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California cannabis ‘in peril’



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Leaders of California’s cannabis industry painted a bleak picture of their business at Monday’s Senate Business, Professions and Economic Development Committee.

“The industry is in peril,” said Ron Gershoni of Jetty Extracts.

“We are at grave risk. We need your help,” said Genine Coleman of the Origins Council.

Wesley Hein, of the California Distribution Association, called for a “Manhattan Project”-like effort to address the state’s marijuana regulatory structure.

“Bring the people in and say you don’t come out until we’ve gone through every single regulation,” he said. “All we’re saying is, we need to do a reset.”

Along those lines, Coleman said that the state must remove its site-specific California Environmental Quality Act requirement that presents a major hurdle to the industry.

As Tiffany Devitt of CannaCraft explained, when applying for a CEQA permit, cannabis businesses are required to provide a specific address.

That means leasing property, paying rent and going through the local application process, even though they are not assured of getting a permit, as for some local jurisdictions, “it’s literally flip a coin,” Devitt said.

Devitt said that that cannabis is one of California’s great legacy industries, akin to the wine industry, Hollywood and Silicon Valley.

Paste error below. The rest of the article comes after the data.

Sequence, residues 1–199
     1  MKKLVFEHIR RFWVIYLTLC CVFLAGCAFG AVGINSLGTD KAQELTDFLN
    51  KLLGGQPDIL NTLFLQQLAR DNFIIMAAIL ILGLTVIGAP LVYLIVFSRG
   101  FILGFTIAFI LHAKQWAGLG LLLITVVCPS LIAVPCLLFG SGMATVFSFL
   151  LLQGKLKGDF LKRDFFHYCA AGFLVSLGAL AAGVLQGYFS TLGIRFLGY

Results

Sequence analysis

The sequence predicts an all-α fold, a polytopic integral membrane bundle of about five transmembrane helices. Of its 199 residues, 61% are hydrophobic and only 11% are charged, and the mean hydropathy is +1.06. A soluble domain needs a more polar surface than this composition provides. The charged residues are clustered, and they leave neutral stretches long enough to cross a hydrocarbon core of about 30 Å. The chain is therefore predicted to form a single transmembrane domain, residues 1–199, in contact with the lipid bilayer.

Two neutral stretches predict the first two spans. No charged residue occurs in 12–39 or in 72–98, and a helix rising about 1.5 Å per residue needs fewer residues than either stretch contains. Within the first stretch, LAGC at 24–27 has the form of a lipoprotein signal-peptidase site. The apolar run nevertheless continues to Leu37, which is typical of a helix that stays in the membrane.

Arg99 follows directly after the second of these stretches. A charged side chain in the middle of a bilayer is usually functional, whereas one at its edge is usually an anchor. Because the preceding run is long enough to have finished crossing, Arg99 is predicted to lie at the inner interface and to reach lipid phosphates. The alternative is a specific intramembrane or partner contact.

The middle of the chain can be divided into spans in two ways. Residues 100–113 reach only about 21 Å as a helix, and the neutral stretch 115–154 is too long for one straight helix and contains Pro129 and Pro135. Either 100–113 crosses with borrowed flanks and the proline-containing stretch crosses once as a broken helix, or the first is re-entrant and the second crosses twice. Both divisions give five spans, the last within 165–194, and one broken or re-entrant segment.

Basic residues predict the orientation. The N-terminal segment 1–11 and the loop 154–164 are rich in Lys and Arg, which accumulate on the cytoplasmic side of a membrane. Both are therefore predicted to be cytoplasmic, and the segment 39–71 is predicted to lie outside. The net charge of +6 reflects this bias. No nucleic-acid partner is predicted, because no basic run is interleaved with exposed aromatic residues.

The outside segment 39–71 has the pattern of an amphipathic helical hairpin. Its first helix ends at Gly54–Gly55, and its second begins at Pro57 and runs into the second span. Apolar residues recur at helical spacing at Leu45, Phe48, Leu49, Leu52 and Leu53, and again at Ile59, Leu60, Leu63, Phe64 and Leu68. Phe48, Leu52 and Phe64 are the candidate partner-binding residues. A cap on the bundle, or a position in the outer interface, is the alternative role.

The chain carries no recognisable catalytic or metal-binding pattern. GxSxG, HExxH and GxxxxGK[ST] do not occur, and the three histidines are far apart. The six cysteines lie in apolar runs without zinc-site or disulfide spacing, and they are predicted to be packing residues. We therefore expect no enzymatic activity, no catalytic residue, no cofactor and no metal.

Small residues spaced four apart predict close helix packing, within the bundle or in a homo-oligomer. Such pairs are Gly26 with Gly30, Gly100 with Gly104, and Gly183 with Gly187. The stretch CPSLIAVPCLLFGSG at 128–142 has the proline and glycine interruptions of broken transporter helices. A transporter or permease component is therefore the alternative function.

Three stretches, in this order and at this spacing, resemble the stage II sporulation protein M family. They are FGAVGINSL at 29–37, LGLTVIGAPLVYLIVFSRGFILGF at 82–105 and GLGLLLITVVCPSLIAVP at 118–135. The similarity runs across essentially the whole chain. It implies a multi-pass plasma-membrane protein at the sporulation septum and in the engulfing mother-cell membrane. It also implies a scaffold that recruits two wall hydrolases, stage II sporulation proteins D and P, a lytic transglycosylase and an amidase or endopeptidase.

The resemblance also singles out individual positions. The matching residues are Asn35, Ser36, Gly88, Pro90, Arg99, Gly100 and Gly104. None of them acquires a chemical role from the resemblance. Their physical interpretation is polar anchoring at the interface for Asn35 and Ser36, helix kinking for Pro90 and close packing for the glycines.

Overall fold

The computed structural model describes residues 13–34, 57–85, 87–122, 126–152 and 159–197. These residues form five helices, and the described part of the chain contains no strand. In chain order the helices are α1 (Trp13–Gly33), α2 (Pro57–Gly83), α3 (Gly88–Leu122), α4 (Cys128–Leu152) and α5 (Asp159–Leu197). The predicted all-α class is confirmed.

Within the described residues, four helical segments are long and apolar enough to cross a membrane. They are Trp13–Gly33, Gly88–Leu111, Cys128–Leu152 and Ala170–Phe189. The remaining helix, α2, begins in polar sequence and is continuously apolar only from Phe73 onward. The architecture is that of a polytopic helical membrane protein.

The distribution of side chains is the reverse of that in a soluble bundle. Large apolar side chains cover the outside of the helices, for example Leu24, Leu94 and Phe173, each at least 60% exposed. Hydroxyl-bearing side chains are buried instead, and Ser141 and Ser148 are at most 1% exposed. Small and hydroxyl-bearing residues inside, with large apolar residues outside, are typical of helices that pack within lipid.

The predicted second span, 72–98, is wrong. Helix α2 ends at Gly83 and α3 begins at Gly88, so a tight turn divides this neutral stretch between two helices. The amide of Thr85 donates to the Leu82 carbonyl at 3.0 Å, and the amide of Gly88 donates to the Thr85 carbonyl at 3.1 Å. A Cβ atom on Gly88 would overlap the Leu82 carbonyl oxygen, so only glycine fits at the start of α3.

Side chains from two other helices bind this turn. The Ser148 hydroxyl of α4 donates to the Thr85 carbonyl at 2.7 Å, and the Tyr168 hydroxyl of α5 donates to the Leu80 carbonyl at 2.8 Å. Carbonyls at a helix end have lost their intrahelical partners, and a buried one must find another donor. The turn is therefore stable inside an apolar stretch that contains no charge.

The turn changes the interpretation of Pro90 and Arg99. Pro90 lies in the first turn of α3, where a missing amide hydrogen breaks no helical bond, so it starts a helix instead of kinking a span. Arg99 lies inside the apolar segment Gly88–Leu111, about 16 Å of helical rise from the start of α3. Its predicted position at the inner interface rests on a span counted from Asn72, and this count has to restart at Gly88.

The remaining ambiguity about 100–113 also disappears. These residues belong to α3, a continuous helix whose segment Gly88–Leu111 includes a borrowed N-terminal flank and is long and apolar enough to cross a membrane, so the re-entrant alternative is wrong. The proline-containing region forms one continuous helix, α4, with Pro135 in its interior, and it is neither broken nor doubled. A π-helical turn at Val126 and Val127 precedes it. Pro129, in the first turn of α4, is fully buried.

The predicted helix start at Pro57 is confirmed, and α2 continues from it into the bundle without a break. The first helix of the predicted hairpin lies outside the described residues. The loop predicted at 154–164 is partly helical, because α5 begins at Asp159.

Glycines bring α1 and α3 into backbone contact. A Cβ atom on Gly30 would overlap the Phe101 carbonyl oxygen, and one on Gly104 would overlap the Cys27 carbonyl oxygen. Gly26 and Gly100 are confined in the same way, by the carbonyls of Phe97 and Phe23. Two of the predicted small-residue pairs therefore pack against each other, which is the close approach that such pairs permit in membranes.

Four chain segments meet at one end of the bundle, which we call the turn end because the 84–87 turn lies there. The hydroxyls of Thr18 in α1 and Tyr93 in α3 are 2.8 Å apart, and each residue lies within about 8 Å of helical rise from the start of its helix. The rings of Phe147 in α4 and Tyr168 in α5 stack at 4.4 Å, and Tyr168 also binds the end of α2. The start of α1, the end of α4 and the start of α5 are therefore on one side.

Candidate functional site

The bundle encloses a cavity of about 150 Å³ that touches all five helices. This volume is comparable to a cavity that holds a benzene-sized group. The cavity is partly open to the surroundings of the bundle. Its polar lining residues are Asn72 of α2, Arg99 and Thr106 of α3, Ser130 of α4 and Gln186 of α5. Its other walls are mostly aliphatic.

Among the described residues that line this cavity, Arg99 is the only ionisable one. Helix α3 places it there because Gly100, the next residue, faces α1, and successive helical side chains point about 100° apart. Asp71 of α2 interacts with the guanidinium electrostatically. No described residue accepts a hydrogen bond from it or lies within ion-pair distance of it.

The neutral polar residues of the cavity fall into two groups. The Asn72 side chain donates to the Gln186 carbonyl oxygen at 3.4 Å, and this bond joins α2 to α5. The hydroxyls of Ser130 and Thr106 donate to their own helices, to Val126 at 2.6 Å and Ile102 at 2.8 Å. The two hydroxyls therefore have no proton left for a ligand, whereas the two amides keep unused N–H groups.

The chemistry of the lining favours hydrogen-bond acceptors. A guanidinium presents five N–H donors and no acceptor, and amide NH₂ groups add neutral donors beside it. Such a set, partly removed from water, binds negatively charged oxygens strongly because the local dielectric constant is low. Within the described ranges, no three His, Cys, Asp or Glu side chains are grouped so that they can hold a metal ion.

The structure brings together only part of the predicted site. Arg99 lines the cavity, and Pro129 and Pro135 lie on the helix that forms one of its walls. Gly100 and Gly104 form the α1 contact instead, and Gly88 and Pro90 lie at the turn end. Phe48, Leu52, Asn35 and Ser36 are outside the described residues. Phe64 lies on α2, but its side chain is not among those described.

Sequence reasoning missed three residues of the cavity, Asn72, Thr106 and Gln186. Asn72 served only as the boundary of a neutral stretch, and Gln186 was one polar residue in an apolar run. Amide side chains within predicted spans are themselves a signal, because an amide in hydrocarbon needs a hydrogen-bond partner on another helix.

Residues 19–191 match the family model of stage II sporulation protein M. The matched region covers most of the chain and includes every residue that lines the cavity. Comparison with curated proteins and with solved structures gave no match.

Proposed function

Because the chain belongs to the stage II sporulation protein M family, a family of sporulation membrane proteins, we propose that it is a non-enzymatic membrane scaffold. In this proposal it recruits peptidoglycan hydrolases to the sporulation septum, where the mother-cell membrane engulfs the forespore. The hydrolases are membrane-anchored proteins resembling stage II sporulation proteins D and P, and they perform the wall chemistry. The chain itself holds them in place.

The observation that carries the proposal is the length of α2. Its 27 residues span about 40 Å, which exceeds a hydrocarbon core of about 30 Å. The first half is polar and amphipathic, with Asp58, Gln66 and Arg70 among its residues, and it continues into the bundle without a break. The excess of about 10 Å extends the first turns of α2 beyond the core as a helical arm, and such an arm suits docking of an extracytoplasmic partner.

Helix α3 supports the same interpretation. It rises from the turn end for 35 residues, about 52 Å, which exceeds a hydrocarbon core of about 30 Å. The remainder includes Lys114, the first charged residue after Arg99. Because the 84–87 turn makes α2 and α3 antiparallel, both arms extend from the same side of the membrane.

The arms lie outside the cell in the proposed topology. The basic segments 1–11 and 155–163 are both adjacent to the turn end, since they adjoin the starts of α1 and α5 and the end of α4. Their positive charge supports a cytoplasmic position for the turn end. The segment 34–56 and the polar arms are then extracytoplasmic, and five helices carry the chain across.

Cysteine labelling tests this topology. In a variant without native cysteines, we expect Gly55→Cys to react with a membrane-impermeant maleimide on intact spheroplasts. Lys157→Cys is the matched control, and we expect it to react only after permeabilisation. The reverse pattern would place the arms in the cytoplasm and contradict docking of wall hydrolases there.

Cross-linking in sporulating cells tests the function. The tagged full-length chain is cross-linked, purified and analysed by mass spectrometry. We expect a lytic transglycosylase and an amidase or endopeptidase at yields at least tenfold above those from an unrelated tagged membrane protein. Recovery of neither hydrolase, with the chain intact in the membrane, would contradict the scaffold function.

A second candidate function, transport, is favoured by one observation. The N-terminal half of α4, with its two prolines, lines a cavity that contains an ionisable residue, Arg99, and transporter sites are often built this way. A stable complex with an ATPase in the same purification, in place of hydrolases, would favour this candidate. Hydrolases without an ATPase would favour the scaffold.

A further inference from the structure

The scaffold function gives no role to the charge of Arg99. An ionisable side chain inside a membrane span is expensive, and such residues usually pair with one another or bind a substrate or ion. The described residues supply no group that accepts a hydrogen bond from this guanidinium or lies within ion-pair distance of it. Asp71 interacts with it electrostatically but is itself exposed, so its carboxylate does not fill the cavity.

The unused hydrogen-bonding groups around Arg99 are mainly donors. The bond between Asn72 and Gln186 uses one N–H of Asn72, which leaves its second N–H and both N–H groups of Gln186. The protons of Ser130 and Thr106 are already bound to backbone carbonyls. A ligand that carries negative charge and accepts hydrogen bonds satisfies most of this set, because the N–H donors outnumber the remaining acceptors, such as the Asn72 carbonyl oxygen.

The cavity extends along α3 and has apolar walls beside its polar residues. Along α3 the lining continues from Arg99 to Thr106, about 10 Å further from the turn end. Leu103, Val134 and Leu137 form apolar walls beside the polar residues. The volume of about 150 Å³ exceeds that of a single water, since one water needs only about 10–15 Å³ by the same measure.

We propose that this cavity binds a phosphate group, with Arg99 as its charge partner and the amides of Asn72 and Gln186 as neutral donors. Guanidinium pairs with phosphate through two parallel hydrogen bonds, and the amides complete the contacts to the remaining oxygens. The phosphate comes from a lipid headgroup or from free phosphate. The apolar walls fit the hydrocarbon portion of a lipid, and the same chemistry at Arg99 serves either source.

But without taking concrete steps to allow more retail sales (by over-riding the control of local governments that have blocked them), cutting taxes (like the excise tax) and stepping up enforcement of the illicit market, including going after the makers of dangerous synthetic hemp products, the cannabis industry in California will continue to fail, she said.

Lawmakers largely used their time to ask panelists questions and seek clarification. One lawmaker, Sen. Steven Bradford, D-Gardena, used his time to critique the Legislature for making the issue more complicated than it needs to be.

“We’ve put regulations on an industry that no other industry faces,”’ he said.

By creating too many barriers, including high regulations and even higher taxes, lawmakers are promoting the illegal market, Bradford said.

“This is the only industry that you have to pay taxes on your product before it’s sold,” he said.


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